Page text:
White Heat Mungo. Silver gelatin print Photographed at Mungo National…
Lake Echo. 8×10 black glass ambrotype
This probably isn’t a photographic love story.
This is my second article for David Tatnall’s blogs and things have changed a bit since the last time I wrote.
Around 2014 I saw some incredibly captivating photos by Borut Peterlin and Luther Gerlach in Steve Simmons’ View Camera Magazine using something I’d never heard of before called the ‘wet collodion’ process. I fell in love with the dreaminess of these apparently make-believe landscapes. Trees straight out of a fairy-tale, almost glowing. Luther and Borut’s perfect compositional skills were beautifully complimented by the ethereal signature of the wet collodion aesthetic. Their art really is a perfect match of perspective and process.
Now, that’s all the buzzwords and name-dropping out of the way.
Since 2015 I’ve been shooting wet plate rather sporadically. I taught myself from a few manuals available from various contemporary wet-plate heavyweights doing the Lord’s work bringing archaic 19th century knowledge to the modern world.
Wet plate isn’t a particularly easy thing to do in the wild. Nor is it cheap. Actually, it’s expensive as hell for us Australians with collodion creeping towards $400 a litre and silver nitrate certainly isn’t a cheap resource either.
There are plenty of articles out there by artists using this process and I’m sure most large format photographers by now have read at least one contemporary ‘revivalist’ or ‘alchemist’ waxing lyrical with gratuitous fawning over the lingo and apparent exclusivity of the wet plate world so I will spare you the information on the chemical task itself.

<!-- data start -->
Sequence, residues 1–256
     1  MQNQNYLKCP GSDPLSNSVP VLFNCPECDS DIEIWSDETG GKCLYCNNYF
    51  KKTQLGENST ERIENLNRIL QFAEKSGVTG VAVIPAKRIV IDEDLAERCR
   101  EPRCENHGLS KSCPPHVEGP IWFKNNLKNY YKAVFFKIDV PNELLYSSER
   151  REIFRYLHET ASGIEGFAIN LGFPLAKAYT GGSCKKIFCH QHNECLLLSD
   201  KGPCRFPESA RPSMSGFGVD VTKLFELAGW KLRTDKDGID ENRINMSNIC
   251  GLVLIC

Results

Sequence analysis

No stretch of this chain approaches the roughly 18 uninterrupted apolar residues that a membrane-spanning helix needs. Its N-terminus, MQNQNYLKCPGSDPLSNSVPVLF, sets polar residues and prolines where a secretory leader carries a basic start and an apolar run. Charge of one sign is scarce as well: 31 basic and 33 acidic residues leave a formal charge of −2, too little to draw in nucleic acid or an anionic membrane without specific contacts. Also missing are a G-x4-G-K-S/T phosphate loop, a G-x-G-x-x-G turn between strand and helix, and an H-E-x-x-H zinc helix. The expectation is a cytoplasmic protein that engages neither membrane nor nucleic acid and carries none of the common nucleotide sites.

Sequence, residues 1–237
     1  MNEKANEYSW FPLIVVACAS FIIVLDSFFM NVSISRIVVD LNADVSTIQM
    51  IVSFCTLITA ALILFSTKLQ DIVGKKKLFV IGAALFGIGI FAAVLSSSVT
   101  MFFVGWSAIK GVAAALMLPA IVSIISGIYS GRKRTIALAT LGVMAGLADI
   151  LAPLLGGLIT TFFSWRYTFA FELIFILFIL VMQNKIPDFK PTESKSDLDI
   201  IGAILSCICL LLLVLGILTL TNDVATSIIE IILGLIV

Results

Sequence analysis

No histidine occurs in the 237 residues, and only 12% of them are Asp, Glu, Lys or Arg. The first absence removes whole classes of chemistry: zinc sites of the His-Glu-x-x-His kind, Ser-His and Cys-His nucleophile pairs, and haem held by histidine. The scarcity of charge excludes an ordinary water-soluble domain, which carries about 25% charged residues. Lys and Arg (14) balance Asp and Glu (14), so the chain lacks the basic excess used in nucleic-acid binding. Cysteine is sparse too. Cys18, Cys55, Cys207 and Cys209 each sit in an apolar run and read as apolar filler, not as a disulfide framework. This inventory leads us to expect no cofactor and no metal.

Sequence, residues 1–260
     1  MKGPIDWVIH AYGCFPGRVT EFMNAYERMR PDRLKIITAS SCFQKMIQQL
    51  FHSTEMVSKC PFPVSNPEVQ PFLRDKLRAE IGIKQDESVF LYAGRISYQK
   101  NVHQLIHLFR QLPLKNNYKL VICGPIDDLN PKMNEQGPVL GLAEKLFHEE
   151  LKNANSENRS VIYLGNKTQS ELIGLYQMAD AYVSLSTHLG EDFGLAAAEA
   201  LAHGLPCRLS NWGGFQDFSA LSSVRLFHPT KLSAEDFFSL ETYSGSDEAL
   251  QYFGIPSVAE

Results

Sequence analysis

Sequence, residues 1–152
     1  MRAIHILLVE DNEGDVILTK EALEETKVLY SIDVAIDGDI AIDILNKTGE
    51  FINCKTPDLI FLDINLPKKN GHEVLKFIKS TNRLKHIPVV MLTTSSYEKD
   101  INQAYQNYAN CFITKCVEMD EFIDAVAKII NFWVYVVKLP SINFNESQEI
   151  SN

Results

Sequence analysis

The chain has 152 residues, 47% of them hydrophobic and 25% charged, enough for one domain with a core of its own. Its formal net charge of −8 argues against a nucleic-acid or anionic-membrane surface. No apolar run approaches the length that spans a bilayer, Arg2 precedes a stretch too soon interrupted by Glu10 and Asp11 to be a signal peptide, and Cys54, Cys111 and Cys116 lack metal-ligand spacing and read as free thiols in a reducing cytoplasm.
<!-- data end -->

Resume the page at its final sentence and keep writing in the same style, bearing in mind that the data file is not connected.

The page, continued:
Wet plate is not magic, it’s just hard. It requires time, patience and cleanliness. Unfortunately I am not a patient, organised or clean person. These are attributes wet platers or indeed any photographer should definitely have. In hindsight I actually kind of wish I’d chosen something a little less demanding but there’s no turning back now because I’ve trashed my camera gear with chemicals and the resale value would be traumatic.
Being able to do wet plate outdoors was non-negotiable for me because I’ve always really loved driving out into the sparse Tasmanian midlands and make photos of dead or dying trees.
I converted my ’99 Toyota Hiace (originally a camper) into a mobile darkroom by blacking out the interior with black builders plastic and blackout fabric. I bought a big sheet of rubylith sheeting and put it over the sliding door window to create a red light in the back of my van that I could work under.
Alex Gard outside his mobile darkroom.
The van isn’t very comfortable to work in but it’s functional. It gets the job done. It looks like a rolling crime scene covered in dust and chemical stains with blacked out windows and I’m surprised I don’t get more attention from law enforcement. My friends get good mileage out of the joke of me and my creepy van.
But beneath all my poor organisation skills and scattered approach to everything in my life there was always an underlying draw to the landscape. Everything just kind of serendipitously eventuated to me being out there makin’ photos.
I never felt an inner calm like the first time I was out in the middle of a flat, open field inland from Bothwell in Tasmania’s Southern Midlands in the middle of winter. I was composing an image on my camera and suddenly I was hyper-aware of the total silence around me. No wind, no birds, no traffic, just the sound of my breath under the dark cloth and the condensation forming and fading on the ground glass. That was probably the moment that made me addicted to the whole thing. It kind of feels like you’ve stepped into a time capsule knowing that countless other large format photographers have been dancing the same methodical routine for nearly two hundred years. It sounds cheesy but it feels like something I was meant to do.